At one time many players progressed, now coaches are serving a role
Before the big money arrived at Manchester City, the club's academy had a habit of providing a good base for Irish players.
Stephen Ireland, Stephen Elliott, Glenn Whelan, Greg Cunningham, Willo Flood all left these shores to join the youth ranks at the Sky Blues in the not so distant past.
More recently, Jack Byrne and goalkeeper Ian Lawlor (now of Wigan Athletic and Doncaster Rovers respectively) have also emerged from the youth ranks, although changing circumstances in regards to City's status and wealth mean players of their ilk didn't get the same opportunities as their predecessors. The loan system was instead primarily used to develop them rather than through the first team.
Coincidentally enough, a couple of those earlier players are now on the books at Wednesday night's Premier League opponents Stoke City with Whelan a regular in midfield. Stephen Ireland conversely had faded from the first team and is currently out injured.
But of all of that first generation of Irishmen in the 2000s, Ireland got the best opportunity at the club in terms of game-time.
The Cork man made over 150 first team appearances for the club and seemed to be emerging as a potential leading Premier League midfielder in the 2008-09 campaign when he scored nine league goals and established himself firmly in a first team where fellow Ireland defender Richard Dunne (a graduate of Everton's ranks) was coming off the back of four seasons in a row in which he was voted City Player of the Year.
Willo Flood also breached double figures for Man City first team appearances in the mid-2000s. Whelan on the other hand only made a single UEFA Cup appearance in 2003-04 before departing but striker Stephen Elliott who was scouted after a brilliant showing for Stella Maris in Dublin got a couple of first team opportunities after going on trial.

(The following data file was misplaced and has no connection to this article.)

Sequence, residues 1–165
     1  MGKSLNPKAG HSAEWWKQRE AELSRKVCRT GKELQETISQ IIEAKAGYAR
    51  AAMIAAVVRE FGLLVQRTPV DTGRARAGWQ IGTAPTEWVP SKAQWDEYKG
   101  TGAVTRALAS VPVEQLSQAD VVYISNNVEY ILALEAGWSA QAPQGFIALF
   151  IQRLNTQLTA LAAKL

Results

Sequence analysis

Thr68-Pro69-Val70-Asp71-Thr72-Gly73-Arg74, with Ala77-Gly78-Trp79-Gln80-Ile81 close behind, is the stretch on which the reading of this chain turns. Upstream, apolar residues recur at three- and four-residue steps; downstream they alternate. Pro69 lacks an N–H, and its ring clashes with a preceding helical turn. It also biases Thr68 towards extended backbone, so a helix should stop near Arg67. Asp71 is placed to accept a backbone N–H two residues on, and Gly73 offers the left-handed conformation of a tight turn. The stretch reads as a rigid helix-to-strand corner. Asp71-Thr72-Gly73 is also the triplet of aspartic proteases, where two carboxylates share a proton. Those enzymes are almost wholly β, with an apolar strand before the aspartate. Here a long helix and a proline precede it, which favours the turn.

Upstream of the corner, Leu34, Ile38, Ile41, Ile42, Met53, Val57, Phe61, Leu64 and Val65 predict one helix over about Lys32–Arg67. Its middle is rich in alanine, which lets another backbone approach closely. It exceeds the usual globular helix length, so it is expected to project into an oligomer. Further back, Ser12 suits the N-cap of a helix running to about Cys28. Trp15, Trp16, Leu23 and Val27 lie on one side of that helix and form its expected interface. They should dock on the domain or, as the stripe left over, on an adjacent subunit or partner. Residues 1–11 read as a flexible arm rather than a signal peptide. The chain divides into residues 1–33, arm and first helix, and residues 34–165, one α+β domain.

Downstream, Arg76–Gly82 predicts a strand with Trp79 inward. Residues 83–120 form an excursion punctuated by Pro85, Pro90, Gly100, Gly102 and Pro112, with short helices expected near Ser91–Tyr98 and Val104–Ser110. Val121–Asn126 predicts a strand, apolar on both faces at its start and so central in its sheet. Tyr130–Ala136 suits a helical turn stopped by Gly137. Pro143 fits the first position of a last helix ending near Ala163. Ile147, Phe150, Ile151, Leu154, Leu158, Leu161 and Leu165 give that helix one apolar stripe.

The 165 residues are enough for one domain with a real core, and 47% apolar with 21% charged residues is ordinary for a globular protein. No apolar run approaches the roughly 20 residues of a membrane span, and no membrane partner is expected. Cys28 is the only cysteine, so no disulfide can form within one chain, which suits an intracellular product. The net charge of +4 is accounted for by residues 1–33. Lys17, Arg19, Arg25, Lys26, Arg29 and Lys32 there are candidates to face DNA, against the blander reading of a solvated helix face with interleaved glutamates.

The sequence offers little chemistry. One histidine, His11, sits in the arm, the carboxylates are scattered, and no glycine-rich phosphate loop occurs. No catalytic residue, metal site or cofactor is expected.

Speaking to us on Newstalk's Team 33 recently, he said: "It was Kevin Keegan who introduced me to training in the first team there. Keegan said he wanted to keep me. I got the impression that Keegan fancied me as a player because he was always complimentary of me and had me travelling to all the first team games. So that obviously gave my confidence a big boost because he was a big legend in the game."
Two league appearances would follow before Elliott would sign for Sunderland in 2004-05.
Like Elliott, Greg Cunningham also found a manager who had faith in him, in the shape of Roberto Mancini, when he first emerged as a promising teenager.
Speaking to Off The Ball recently, the Preston North End left back and native of Galway said: "Mancini was great, really showed great confidence in me, gave me my debut and a few appearances and obviously would have been a factor in getting me into the Ireland setup."
A leg break while on loan at Leicester City in 2011 would curtail his development at a time when he was just beginning to make waves at club and international level.
Off the pitch, the coaching side has become increasingly Irish in terms of its influence with two ex-Ireland midfielders helping to shape the next generation.
One of those is Mark Kennedy, who was recently interviewed by Kevin Kilbane. He left Ipswich Town to take on a role in the City academy.
And the manager of the academy setup is none other than ex-Ireland and Everton midfielder Lee Carsley.
It's a role that could well have an influence on the development of Pep Guardiola's team in the future as the current City manager could look into the youth ranks to supplement his first team.
Answering a recent question about the premium cost of signing English players, Guardiola hinted as much, saying: "That is why the club has worked for a long period with the academy, thinking about the next years. "With me or without me - hopefully with me - I would like to enjoy these four or five guys who are growing, and play with them."
But as youth grades become as internationally focused as Premier League first teams, the only Irish player in the Academy team is Tyreke Wilson.